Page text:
He won Mr. St. Petersburg, Mr. Suncoast, Mr. Southern States, Mr. Southern USA, Mr. Florida, Mr. Junior America. He made $25 for appearances at grand openings, $300 posing at fitness expos. He ordered wholesale vitamins to be sent to the Brandywine Apartments, listing his unit as "Suite 101" instead of "Apartment 101." He sold the vitamins to friends.
He had a knack for getting out of jams, convincing people to hear him, selling things he liked.
"I want to market myself now," he told a reporter in 1982. "I'm a good product, a good sale."
He was preparing to compete in the American Body Building Championships, back then called Mr. America.
Then a Pinellas County school bus plowed into his car.
• • •
HSN managers want Tony to stop in the cafeteria. They're serving his bison burgers to the staff.
He's nervous about the time crunch. He budgets three hours before each show to study the 36-count and the 72-count packages, the Italian bison sausage and the breakfast strips, the doctor's notes on growth hormones and stimulants, the shrinkage gap between sizzling cow and buffalo.
"You can't be perfect every time, but it at least gives you a chance to . . ." He blinks. He doesn't have makeup on his hands. "We need to do hands. Is my drink bottle here? I gotta brush teeth and stuff. Teeth, teeth, teeth. Ooh, that's a nasty toothbrush. I gotta make something for toothbrushes one day."
Tony dashes through the call center in a robe that says "Getting ready to do it." Employees peer up from desks as his ponytail bobs by.
He gets to the lunch line and doesn't know where to stand. Is he supposed to hand out the burgers? Is he supposed to greet customers? He fidgets because his momentum is at stake. He spots the Body by Bison sign at the end of the lunch line.
"From a marketing standpoint, I would have put the sign at the beginning of the line," he says.
He approaches an HSN staffer holding a bison burger. Opportunity.
"It's about 5 grams of fat and 24 grams of protein," Tony tells the guy. "No chemicals or anything. The omega 3 is higher than salmon!"
Tony's shoulders loosen up. He breathes.
An IT guy named Jeremy Froehner taps him on the shoulder.
"I got a video of a bison chasing me," Froehner says. He pushes his cellphone in front of Tony's face.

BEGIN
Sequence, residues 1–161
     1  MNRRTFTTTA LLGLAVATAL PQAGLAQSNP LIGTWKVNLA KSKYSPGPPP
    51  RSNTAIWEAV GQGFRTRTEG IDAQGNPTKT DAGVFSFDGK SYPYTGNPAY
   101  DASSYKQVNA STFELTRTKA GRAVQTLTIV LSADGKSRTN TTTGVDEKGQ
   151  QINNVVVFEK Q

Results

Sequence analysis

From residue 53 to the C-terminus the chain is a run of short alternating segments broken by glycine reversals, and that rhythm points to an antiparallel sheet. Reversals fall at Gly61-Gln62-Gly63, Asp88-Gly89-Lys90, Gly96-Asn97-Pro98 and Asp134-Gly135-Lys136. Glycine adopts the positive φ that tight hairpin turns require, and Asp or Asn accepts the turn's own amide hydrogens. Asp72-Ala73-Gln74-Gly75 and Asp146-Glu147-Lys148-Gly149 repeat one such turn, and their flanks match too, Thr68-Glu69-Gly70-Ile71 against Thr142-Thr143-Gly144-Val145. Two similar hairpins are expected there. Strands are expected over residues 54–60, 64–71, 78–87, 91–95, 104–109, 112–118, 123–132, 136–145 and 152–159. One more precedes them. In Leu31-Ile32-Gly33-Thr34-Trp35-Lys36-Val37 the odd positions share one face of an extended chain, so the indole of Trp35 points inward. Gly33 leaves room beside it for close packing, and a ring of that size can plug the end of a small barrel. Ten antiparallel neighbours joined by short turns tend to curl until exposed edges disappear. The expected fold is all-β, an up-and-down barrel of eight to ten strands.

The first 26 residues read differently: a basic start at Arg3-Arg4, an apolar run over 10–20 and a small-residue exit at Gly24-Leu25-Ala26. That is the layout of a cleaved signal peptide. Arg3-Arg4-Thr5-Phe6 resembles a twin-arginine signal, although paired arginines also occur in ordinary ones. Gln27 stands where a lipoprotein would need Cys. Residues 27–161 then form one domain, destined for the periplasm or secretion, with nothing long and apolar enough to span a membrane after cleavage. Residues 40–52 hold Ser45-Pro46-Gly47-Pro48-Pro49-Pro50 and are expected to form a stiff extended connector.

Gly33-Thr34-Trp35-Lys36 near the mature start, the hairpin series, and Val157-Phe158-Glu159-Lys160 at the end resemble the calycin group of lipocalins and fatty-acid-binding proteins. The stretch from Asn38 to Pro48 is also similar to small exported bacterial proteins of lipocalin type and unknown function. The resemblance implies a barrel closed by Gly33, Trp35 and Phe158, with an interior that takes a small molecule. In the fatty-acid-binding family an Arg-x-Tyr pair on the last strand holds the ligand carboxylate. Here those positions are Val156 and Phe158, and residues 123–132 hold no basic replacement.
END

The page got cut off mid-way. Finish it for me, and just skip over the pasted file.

"Look at that," Tony says, genuinely rapt. "Oh, yeah! Hey, make sure to send that to me. Or you should put it on YouTube and say it became a part of Body by Bison!"
By the end of lunch, the cafeteria sells out of bison.
• • •
His empire operates out of an office park in St. Petersburg. There are catalogs of workout tapes, pictures of Tony posing with Carl Lewis, Jack La- Lanne, Jay Leno. There are Tony Little Easy Shaper Pros ("Anything you can do with a barbell, you can do with this.") and Tony Little watches ("It's a regular watch, right, but it's also a dual time zone watch. And any time I want to take my heart rate . . . There, I just took my heart rate.").
There are shirts that say "Negative people suck," one of the half-dozen trademarks he owns.
Conceive, believe, achieve!
There's always a way!
You can do it!
It's clear Tony believes. After the accident with the school bus, his body turned soft and doughy. He had two herniated discs in his back and started sleeping with his legs propped on a pillow. He was incredibly depressed. He watched Jane Fonda workout tapes in his dingy apartment and decided he could do better. The next morning he put on a tie and went to a local cable access channel.
He was 50 pounds overweight with a bloated face, but he intended to do a fitness show. He had the money to do it, he lied. He went home and listed positive affirmations for how to get the money. When people wouldn't finance him, he went home and listed reasons why rejection was good.
When he heard buzz in the early 1980s about a network that let you shop at home, he started calling so much secretaries hung up on him. He finally finagled a meeting. The next weekend, a presenter told the Tony Little story on air and sold 400 workout tapes in four minutes.